Is Sweden Really The First Feminist Government?

America has been particularly curious about Sweden and feminism after female government officials in that country trolled Donald Trump. Americans are also wondering if the claim that Sweden is the first feminist government in the world is actually true.

On February 3, Sweden’s female elected officials trolled Donald Trump with a photo they posted on social media.

According to the BBC, the photo showed Deputy Prime Minister Isabella Lovin signing a document with female elected officials surrounding her, and this was meant to imitate Donald Trump’s signing of executive orders while surrounded by men at the White House.

In particular, Deputy Prime Minister Isabella Lovin was focusing on the fact that Donald Trump did not have any women at all in the photos of him signing these executive orders.

Adding to this, Sweden has also claimed on their government website to be the first feminist government in the world, and has also issued official statements from the top government sources that say they want to affirm that gender equality is a centerpiece of their priorities in the Swedish government.

Government of Sweden is focused on gender equality.
Gender equality matters in the Swedish government. [Image by Bryan Bedder/Getty Images for UNICEF]

Wording in the statement on feminism as a priority includes the idea that gender equality is important as the center of a government because it is a solution “to society’s challenges and a matter of course in a modern welfare state – for justice and economic development.”

In an opinion piece, a Swedish citizen defended her country’s feminist government and stated in the Guardian, “We know that investments in gender equality and sexual and reproductive rights pay off.”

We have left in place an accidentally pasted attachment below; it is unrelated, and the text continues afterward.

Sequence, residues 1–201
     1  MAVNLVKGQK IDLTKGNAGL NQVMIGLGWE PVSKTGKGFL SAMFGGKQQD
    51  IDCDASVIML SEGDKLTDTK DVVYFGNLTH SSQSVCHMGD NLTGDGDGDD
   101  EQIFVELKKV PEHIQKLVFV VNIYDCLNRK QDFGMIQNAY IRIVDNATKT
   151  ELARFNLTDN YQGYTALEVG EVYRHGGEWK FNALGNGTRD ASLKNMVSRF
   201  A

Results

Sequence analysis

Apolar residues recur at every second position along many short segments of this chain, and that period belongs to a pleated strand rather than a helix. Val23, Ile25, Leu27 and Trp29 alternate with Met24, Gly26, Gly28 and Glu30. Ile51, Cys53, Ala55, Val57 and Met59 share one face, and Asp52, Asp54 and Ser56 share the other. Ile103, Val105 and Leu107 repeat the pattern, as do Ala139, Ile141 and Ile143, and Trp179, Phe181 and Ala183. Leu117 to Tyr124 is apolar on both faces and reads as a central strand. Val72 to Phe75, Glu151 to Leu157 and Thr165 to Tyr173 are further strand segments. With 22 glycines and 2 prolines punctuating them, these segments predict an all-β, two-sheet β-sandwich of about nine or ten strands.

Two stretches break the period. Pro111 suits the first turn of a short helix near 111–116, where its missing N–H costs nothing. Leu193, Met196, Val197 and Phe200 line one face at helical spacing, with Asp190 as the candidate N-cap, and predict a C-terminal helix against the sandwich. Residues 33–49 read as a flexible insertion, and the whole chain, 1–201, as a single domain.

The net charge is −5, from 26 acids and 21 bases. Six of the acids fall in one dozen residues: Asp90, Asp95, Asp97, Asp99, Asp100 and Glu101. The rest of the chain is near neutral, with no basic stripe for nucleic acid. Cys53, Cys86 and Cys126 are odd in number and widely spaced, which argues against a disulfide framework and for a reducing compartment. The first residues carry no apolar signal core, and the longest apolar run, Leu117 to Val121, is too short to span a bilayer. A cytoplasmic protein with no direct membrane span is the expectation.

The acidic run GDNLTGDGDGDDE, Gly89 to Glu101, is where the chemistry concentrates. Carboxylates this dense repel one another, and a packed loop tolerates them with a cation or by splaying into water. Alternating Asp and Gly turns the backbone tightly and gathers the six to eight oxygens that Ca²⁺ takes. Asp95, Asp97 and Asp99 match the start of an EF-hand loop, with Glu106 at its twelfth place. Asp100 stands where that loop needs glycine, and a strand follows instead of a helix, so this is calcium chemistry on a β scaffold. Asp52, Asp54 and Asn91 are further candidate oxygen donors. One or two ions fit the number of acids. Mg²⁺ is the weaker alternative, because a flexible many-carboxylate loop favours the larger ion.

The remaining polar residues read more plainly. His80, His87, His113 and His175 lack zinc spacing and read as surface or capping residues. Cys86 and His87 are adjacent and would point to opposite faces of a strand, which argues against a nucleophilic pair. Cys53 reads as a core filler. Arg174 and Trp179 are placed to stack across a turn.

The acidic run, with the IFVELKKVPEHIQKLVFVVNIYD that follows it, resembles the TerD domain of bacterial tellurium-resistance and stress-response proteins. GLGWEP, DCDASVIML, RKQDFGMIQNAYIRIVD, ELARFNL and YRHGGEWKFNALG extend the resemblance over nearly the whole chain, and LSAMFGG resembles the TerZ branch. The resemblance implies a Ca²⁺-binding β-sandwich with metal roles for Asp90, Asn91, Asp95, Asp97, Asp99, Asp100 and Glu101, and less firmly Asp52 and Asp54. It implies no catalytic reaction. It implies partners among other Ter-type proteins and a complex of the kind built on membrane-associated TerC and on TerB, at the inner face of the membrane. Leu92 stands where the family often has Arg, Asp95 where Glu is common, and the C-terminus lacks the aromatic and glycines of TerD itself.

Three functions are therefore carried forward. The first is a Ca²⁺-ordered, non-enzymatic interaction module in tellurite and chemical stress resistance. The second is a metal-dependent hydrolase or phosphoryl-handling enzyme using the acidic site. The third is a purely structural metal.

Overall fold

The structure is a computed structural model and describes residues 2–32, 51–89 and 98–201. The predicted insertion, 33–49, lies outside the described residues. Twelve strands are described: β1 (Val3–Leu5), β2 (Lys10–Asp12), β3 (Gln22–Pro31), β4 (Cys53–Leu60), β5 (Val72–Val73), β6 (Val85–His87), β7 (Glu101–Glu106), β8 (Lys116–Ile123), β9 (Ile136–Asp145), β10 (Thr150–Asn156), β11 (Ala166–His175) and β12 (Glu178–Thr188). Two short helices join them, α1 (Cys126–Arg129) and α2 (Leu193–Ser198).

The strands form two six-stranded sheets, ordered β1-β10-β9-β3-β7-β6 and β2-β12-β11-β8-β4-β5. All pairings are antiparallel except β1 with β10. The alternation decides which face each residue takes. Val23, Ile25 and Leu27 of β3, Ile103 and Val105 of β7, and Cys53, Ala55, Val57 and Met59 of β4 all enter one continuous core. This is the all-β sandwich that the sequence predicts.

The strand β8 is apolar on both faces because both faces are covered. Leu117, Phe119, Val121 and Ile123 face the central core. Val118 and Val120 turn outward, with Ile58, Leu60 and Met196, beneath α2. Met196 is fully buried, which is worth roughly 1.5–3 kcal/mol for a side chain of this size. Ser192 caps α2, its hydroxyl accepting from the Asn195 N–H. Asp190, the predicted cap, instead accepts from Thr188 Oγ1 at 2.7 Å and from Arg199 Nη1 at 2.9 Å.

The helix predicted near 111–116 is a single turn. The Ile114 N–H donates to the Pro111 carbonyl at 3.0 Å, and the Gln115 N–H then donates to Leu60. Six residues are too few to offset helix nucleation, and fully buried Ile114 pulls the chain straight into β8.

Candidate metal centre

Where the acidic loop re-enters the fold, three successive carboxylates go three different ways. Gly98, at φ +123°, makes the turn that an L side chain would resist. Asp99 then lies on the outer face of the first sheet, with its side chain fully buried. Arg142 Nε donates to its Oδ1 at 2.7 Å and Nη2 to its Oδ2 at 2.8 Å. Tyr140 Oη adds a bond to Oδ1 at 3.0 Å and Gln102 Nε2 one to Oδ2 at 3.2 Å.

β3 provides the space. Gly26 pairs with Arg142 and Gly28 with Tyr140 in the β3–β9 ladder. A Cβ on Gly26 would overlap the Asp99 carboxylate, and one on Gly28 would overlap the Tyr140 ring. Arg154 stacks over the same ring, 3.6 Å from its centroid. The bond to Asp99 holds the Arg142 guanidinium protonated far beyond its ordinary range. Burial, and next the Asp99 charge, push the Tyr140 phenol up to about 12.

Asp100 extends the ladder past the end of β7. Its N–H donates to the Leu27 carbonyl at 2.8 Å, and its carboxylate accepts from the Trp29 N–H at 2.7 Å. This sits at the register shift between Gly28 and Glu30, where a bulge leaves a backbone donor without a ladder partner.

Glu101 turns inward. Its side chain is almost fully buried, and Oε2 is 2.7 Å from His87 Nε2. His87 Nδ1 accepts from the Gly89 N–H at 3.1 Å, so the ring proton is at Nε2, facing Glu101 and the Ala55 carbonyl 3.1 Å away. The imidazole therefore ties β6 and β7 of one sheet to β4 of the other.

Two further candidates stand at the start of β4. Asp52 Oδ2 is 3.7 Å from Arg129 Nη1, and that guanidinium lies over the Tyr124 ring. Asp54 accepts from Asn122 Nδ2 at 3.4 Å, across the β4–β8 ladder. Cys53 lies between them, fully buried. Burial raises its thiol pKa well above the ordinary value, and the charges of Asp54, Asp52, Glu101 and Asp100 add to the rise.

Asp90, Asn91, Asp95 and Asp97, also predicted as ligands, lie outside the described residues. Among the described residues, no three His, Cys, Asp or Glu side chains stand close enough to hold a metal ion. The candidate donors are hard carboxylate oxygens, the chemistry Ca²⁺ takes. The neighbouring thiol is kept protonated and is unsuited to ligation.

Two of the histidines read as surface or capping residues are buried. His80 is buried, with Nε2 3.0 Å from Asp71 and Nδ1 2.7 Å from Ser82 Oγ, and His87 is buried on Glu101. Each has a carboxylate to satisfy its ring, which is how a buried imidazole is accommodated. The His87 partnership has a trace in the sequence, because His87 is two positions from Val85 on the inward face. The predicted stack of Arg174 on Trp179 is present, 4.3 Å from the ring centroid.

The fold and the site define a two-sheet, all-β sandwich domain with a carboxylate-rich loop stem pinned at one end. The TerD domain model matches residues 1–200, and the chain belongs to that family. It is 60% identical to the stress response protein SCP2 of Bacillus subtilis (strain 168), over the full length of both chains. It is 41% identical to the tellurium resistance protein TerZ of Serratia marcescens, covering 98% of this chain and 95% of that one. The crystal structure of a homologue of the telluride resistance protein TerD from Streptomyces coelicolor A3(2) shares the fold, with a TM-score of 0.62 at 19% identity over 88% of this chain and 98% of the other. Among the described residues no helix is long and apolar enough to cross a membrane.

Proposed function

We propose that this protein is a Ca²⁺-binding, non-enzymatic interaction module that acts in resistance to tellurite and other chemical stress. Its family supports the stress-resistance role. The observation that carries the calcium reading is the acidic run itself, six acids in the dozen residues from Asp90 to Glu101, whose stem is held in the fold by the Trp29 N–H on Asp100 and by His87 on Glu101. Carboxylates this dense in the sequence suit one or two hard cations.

As far as the press releases on Sweden’s government website, the main ideas about what it means to be a feminist government is protecting women from violence, gender-equal health care access, and gender-equal education.

Despite the popularity of being a feminist government, it does not mean that there are not a few hiccups — and “feminist snowplowing” may have been one of them.

According to Local in Sweden, early winter 2016 was a particular challenge to the ideals of some aspects of making every part of the government feminist. In an attempt to make snowplowing more feminist, a new system was employed in Stockholm in November.

Sadly, this was also one of the heaviest snowfalls on record, and the new feminist snowplowing system failed. Regardless, it was pointed out that the issue was not the fact that more women would be working in snowplowing, but the unprecedented snowfall.

In addition to having issues with Donald Trump over his lack of female elected officials to supervise his executive order signings, Sweden has another bone to pick with Trump, according to Independent.

Paris Agreement advocated by U.S. and Sweden in 2016.
The Paris Agreement has been advocated by President Obama and Leonardo DiCaprio [Image by Jemal Countess/Getty Images]

When posting the photo of her signing executive orders to troll Trump, Deputy Prime Minister Isabelle Lovin also went as far as saying that when it comes to climate change, America is not there to lead anymore.

The document Lovin was signing in the photo to troll Donald Trump was Sweden’s commitment to “completely phase out greenhouse gas emissions by 2045” to fulfill the Paris Agreement.

Also the EU Environment Minister, Deputy Prime Minister Isabella Lovin stated Sweden’s target was to “be an entirely fossil-fuel-free welfare state.”

This change in tone by Sweden when referencing America’s role in the Paris Agreement has changed because Donald Trump is a climate change denier.

At the end of November, 2016, Swedish Prime Minister Stefan Löfven was optimistic about Donald Trump and the Paris Agreement.

Allegedly, the prime minister of Sweden talked on the phone with Donald Trump about the fact Trump was saying during his campaign that he would cancel the Paris Climate Agreement as soon as he took office.

The idea that Trump would cancel his ties with the Paris Agreement was troubling to Sweden’s prime minister since it was recently signed by around 200 countries, and America officially ratified the agreement in September, 2016.

[Feature Image by Kris Connor/Getty Images for Global Citizen]